Mount Agassiz is a 13,893-foot (4,235-meter) peak located in the Sierra Nevada of California. It anchors the west end of the infamous Palisades ridge, a chain of spectacular 4,000-meter peaks that comprises the most rugged alpine terrain in the state of California and also harbors the largest glacier in the Sierra Nevada. Mountaineer and author R.J. Secor writes in his guidebook The High Sierra that the top of Mount Agassiz holds the best view of the Palisade range.
Although the approach to Mount Agassiz from South Lake trailhead is fairly long and strenuous, the summit is easily surmounted by any number of class-3/4 chutes on the west face of the mountain. It’s a “choose your adventure” variety of mountainclimb, with a smorgasbord of low-angle ribs and gullies leading up to the singular pyramidal summit.
SUMMARY: I climbed Mount Agassiz with Giselle in the early July of the year 2015 during our fifty-day northward romp through the Sierra Nevada with Max. The day of our ascent was in fact the 10th and final day of an incredible backcountry journey between the towns of Independence and Bishop. We had spent a couple days climbing Mount Sill and Starlight Peak along the Palisades massif, and were heading up and over Bishop Pass towards civilization. When we reached Bishop Pass, Giselle and I dropped our rucksacks and scrambled up and down the west face of Mount Agassiz. Following the climb, we hiked six miles down the Bishop Pass trail to the South Lake trailhead where Jon picked us up and whisked us back to society.
3 JULY 2015
After a torrential overnight thunderstorm, our gear is soaked and our spirits low. The three of us are more than ready to be back in the warm comforts of human civilization after ten straight days in the Sierra Nevada backcountry. Even as mosquitoes bombard our netted faces, even as we stuff our soaked gear into our soggy rucksacks, even as our stomachs growl with unrelenting hunger… the heavenly scenery continues to invigorate my soul. The stillness of the alpine air belies the ruthless tempest that rocked our tent for seven straight hours last night. This is gorgeous country, indeed, but savage.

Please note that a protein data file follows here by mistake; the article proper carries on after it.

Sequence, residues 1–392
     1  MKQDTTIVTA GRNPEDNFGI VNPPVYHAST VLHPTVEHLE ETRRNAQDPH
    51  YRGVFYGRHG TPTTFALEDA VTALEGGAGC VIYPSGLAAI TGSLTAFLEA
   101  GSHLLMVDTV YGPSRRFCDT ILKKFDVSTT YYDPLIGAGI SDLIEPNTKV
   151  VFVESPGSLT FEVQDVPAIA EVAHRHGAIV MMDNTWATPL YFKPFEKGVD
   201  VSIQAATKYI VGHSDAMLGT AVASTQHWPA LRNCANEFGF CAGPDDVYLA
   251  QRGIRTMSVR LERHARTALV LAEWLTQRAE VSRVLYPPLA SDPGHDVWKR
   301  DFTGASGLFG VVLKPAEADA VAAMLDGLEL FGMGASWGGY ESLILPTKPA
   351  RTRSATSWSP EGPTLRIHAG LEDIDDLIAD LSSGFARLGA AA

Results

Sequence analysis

We trudge across Dusy Basin under the ominous walls of the Palisade massif, contouring around the upper Barrett Lakes at 12,000 feet. The going is tedious as we bumble up and over each boulder in our path, weaving around the ones that are too tall and steep to surmount with our heavy rucksacks.
Our contour path brings us directly to Bishop Pass (11,972 feet) where we rest beside a small alpine tarn. We’ve arranged to meet Jon at 6:00pm at the South Lake trailhead, which is located six miles to the north on a popular trail. It’s not yet noon, so I figure we’ve got enough time to scramble 2,000 vertical feet up to the summit of Mount Agassiz and back.
The lower section of the west slope consists of an overwhelming jumble of large talus boulders. Despite their appearance, these boulders are remarkably stable, providing a fun landscape for a mellow class-3 scramble.
As the two of us climb higher up the west slope, we find ourselves unable to resist the multitude of pinnacles and spires protruding from the talus. These precarious perches afford surreal panoramas of the rugged Bishop backcountry.
At 13,000 feet, the talus slope gives way to a low-angle class-3 slab. The quality of rock is fantastic, and we take advantage of little class-4 variations along the way.
Less than two hours after leaving Bishop Pass, we arrive huffing and puffing to the 13,893-foot summit of Mount Agassiz. As promised, the view of the Palisade massif is unrivaled, with the sinister pinnacles of Mount Sill and North Palisade towering above the Palisade Glacier (now melted into a chain of separate small glaciers). This glacial meltwater drains northward through the Palisade Lakes and out to the edge of Owens Valley, where it is contained in the South Lake artificial reservoir.
The view to the west stretches across the Sierra Nevada as far as the eye can see, with a myriad of multicolored peaks forming a mesmerizing alpine seascape. Bishop Pass is so far below us that we wouldn’t be able to spot Max even if we tried our hardest.
Once we’ve soaked in the view, it’s time to head back down the great talus slope to Bishop Pass where we assume poor Max to be sitting patiently and pawing at his last pathetic packet of instant pasta.
We make it back to Bishop Pass just before 3:00pm, meaning that we have precisely three hours to cover the six mile trail down to the South Lake trailhead where Jon will be awaiting us. Without further ado, the three of us hoist our rucksacks, cross the broad snowfield at the head of the 11,972-foot pass, and start switchbacking down the graded trail. We follow this trail down from Bishop Pass and along the shores of a string of idyllic lakes ranging in colour from deep cerulean blue to bright turquoise, glancing up occasionally to find Mount Agassiz looking more and more massive.
To our absolute self-amazement, we reach the trailhead at 6:00pm on the dot! Jon shows up soon thereafter, taking us and our ugly dirtbag rucksacks in his Jeep down the steep asphalt road to the town of Bishop. He takes us to a back-alley Mexican hole-in-the-wall restaurant where we feast on the carne asada nacho plates of our hungry wilderness daydreams. Before whisking us home to Mammoth, we stop by the Rite Aid in Bishop and stock up on ice cream and beer. After all, the Fourth of July is coming…
4 JULY, 2015